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Doctors can now monitor vital signs using radar waves, but what about their side effects?


Researchers celebrated their recent completion of a radar system that keeps track of the vital signs of a patient without the need to attach cumbersome wires to his body. However, the side effects of the radar waves on human health remain unknown.

The new vital signs monitoring device is smaller than a typical cellphone. Despite its tiny size, it accurately records the heart rate and breathing of the patient.

The medical device emits sensitive radar waves at the patient, which are reflected back into its internal digital signal processing unit, which runs the data through computer algorithms.

Researchers at the University of Waterloo came up with the radar system to keep a sharp eye on patients with sleep apnea. They wanted to get rid of the many clumsy wires that hooked a patient up with vital signs monitoring equipment.

“We take the whole complex process and make it completely wireless,” explained Waterloo researcher and engineering professor George Shaker. “And instead of a clinic, it could be done in the comfort of your own bed and run daily for continuous monitoring.”

This wireless devices emits radar waves at patients to track their vital signs

Shaker’s research team tested their new radar-based medical technology at the Research Institute for Aging, a medical facility with links to Waterloo. They secured the participation of more than 50 volunteers.

In the trial, they fastened the prototype device to the ceiling of a model long-term care apartment. They placed the radar unit over the bed of the participant to keep track of the sleeping patient.

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The wireless monitoring system emitted radar waves at the patient. The waves bounced off the body and returned to the unit, which analyzed the data and sent it back to the researchers.

The researchers reported that their wireless device attained more than 90 percent of the accuracy of wire-based vital signs monitor equipment.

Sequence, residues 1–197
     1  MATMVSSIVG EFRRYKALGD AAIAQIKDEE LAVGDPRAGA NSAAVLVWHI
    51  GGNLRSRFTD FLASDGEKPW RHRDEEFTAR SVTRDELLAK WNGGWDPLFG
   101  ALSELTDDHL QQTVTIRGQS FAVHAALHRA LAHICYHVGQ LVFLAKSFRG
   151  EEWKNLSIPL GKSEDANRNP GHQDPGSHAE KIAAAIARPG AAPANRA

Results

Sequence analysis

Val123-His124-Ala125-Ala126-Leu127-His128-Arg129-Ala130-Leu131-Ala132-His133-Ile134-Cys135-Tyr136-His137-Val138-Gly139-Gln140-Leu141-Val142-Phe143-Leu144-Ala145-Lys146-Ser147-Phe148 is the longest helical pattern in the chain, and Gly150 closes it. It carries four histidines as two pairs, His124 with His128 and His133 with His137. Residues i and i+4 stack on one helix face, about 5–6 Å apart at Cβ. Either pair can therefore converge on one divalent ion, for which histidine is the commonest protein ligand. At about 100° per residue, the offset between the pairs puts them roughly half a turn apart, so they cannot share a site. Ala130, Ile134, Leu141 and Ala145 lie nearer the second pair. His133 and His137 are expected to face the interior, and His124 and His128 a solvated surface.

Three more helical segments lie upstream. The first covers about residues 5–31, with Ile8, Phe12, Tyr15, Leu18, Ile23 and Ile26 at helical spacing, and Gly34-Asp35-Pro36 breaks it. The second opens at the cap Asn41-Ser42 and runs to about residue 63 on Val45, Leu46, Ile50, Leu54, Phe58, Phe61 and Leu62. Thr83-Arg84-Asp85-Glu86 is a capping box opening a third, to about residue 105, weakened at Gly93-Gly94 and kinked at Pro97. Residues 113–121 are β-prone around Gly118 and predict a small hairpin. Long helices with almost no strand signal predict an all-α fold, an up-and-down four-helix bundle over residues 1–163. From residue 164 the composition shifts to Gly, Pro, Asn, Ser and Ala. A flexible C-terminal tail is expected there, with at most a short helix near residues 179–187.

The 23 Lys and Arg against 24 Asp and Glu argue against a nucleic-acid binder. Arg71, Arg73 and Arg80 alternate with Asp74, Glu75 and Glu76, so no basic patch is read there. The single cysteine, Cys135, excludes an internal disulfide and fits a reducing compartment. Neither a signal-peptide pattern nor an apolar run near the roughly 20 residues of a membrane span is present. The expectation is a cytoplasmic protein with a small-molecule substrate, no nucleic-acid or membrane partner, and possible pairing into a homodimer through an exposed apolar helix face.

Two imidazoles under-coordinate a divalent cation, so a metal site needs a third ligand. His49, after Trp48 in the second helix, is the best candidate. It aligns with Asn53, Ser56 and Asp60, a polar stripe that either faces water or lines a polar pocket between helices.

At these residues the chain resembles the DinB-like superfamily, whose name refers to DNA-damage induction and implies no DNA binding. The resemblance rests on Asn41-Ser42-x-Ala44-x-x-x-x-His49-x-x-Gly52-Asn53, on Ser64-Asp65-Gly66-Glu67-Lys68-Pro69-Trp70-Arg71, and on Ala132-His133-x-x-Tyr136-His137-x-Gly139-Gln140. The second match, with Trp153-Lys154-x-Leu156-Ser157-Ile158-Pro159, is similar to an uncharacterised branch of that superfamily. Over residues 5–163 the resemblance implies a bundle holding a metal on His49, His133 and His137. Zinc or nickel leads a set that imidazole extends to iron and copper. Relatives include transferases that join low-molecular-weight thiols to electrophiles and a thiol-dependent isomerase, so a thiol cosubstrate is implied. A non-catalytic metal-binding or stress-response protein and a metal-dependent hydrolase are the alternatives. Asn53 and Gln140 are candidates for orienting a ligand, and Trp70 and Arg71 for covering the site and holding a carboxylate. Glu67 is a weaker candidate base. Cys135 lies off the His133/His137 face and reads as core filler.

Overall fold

“This is the first time radar has been used for heart sensing with this degree of accuracy and in such an uncontrolled environment,” commented Waterloo researcher Mostafa Alizadeh, the leader of the study. “Our subjects slept unobstructed, in any position, for up to eight hours.”

Researchers are mum on the possible side effects of their device’s radio waves

Aside from monitoring heart levels of patients with sleep apnea, the Waterloo researchers believed that their radar system would work in other roles and locations.

In long-term care homes, the radar device might keep track of the movement of residents. It would warn human technicians if a patient experienced a bad fall, for instance.

Similarly, the device might record the heart and breathing rates of patients in hospital wards. The radar system might also get adapted to observe the status and symptoms of health disorders.

The wireless system offered several advantages. First, it gave the patient privacy since it didn’t track him with cameras. Second, getting rid of the wires made the patient more comfortable. Last, the radar system would work just as well at home as it did in clinics and hospitals.

However, the Waterloo researchers didn’t mention any potential adverse effects of constantly bathing patients with radar waves. (Related: 5G drones to blanket the nation, beaming down cancer-causing radiation from the skies… and there’s nowhere they can’t find you.)

Radar waves use radio waves, a type of electromagnetic field radiation. They encompass a different range of frequencies than microwaves, which are used by WiFi and microwave ovens.

Be it microwave or radio wave, prolonged exposure to radiation will affect the health of people and other living organisms. The lack of feedback on the long-term side effects of a radar wave-based medical device is concerning, to say the least.

Sources include:

ScienceDaily.com

IEEExplore.IEEE.org



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